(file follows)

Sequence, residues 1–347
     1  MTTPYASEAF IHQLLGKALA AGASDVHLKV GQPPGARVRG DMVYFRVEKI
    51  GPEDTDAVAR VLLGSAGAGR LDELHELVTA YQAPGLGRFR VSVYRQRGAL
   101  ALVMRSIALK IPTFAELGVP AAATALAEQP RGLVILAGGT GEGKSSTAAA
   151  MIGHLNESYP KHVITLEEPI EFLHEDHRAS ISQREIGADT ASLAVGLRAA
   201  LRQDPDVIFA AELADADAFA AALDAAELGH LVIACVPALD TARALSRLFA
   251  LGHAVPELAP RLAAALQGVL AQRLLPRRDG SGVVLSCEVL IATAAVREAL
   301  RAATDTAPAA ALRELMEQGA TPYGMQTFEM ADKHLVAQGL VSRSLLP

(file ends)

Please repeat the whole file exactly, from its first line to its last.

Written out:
Sequence, residues 1–347
     1  MTTPYASEAF IHQLLGKALA AGASDVHLKV GQPPGARVRG DMVYFRVEKI
    51  GPEDTDAVAR VLLGSAGAGR LDELHELVTA YQAPGLGRFR VSVYRQRGAL
   101  ALVMRSIALK IPTFAELGVP AAATALAEQP RGLVILAGGT GEGKSSTAAA
   151  MIGHLNESYP KHVITLEEPI EFLHEDHRAS ISQREIGADT ASLAVGLRAA
   201  LRQDPDVIFA AELADADAFA AALDAAELGH LVIACVPALD TARALSRLFA
   251  LGHAVPELAP RLAAALQGVL AQRLLPRRDG SGVVLSCEVL IATAAVREAL
   301  RAATDTAPAA ALRELMEQGA TPYGMQTFEM ADKHLVAQGL VSRSLLP